For sale: Boleskine House, occultist Aleister Crowley's infamous digs on the shores of Loch Ness in Scotland that Jimmy Page later owned. The Georgian home, sitting on 9.3 hectares (22.9 acres), burned in 2015 but the exterior walls remain. The real estate agent is open to bids over £200,000.
According to the sales materials, "The opportunity now exists to restore the house and grounds to create an outstanding property subject to obtaining the necessary consents."
Consents? I say, remodel as thou wilt.
Here is the listing.
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Boleskine House, the infamous Loch Ness estate previously owned by occultist Aleister Crowley and later Led Zeppelin guitarist (and Crowley enthusiast) Jimmy Page, was mostly destroyed in a fire last week. The 18th century residence was a second home for a Dutch family who apparently were out shopping when the fire began, likely in the kitchen. They had purchased the property several years ago from Annette MacGillivray who had bought it from Page and then renovated it.
“When we bought it, it was a hovel, just a shell," MacGillivray told The Press and Journal. "We spent a lot of money, stripping it back to the bare walls and re-roofing it. It had four bedrooms, four bathrooms, a huge drawing room, dining room, library and various smaller rooms. It is unlikely it will ever be rebuilt unless there is someone out there with an interest in the occult wanting to spend a lot of money.”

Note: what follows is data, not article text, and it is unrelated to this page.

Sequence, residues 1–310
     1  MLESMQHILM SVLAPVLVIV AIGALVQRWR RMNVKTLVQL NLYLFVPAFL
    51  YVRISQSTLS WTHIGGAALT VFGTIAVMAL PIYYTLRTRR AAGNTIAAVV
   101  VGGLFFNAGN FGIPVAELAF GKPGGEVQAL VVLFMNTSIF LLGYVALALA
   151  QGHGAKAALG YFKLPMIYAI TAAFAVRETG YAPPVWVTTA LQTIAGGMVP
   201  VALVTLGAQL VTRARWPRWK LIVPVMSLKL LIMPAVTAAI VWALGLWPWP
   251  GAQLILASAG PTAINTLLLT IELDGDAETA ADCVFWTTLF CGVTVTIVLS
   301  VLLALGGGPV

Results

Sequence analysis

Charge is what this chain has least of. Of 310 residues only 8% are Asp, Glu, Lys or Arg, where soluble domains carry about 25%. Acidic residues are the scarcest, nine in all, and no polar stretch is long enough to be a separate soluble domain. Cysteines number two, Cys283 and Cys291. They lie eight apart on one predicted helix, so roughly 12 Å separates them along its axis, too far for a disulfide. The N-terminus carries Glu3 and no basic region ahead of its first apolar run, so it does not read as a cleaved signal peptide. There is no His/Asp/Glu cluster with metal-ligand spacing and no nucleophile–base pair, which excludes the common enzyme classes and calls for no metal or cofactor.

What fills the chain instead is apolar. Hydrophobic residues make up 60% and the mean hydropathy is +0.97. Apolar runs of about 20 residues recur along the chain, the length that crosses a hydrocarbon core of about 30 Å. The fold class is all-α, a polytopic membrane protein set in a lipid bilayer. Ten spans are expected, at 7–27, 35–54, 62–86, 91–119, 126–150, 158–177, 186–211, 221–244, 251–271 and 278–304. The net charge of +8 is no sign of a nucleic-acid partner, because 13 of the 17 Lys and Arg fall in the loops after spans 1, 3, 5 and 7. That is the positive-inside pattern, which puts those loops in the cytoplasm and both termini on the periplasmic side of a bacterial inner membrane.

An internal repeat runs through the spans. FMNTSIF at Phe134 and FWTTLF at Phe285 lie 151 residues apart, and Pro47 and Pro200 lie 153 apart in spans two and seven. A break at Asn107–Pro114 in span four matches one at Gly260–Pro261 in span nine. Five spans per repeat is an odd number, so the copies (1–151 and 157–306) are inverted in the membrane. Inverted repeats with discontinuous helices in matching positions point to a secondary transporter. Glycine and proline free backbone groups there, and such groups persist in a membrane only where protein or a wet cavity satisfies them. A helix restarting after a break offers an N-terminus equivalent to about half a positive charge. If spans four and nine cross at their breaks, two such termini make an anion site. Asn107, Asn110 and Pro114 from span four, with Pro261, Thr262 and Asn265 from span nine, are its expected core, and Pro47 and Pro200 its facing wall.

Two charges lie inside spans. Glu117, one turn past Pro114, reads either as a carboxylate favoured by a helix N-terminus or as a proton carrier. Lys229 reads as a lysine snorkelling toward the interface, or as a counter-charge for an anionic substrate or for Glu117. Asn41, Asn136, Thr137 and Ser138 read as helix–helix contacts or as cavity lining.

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Infamous occultist, drug addict, and mountaineer Aleister Crowley also wrote more than 70 dark, and darkly comedic, short stories, including five that have never been published until now. Wordsworth Editions have released a new edition of The Drug and Other Stories expanded to include these unseen works, titled Ambrosii Magi Hortus Rosarum, The Murder in X. Street, The Electric Silence, The Professor and the Plutocrat, and The Ideal Idol. From The Guardian:
British poet and artist David Tibet, in a foreword to the new edition, says that Crowley’s stories are overdue a reassessment. “It is time to reassess these witty, strange and occasionally very dark works as the rare and lovely jewels they are,” he writes, comparing Crowley’s story The Stratagem to Ray Bradbury and Jorge Luis Borges.
“The difficulty of accessing the pieces collected here for the first time – scattered as they were through obscure journals such as the Equinox or the International or appearing in extremely rare first editions – has prevented their author from being reassessed as a remarkable and idiosyncratic short-story writer of the highest order,” according to Tibet. “If Crowley’s wit is not quite as consistently barbed as that of Saki … it certainly covers a wider range of social (and sexual!) situations.”
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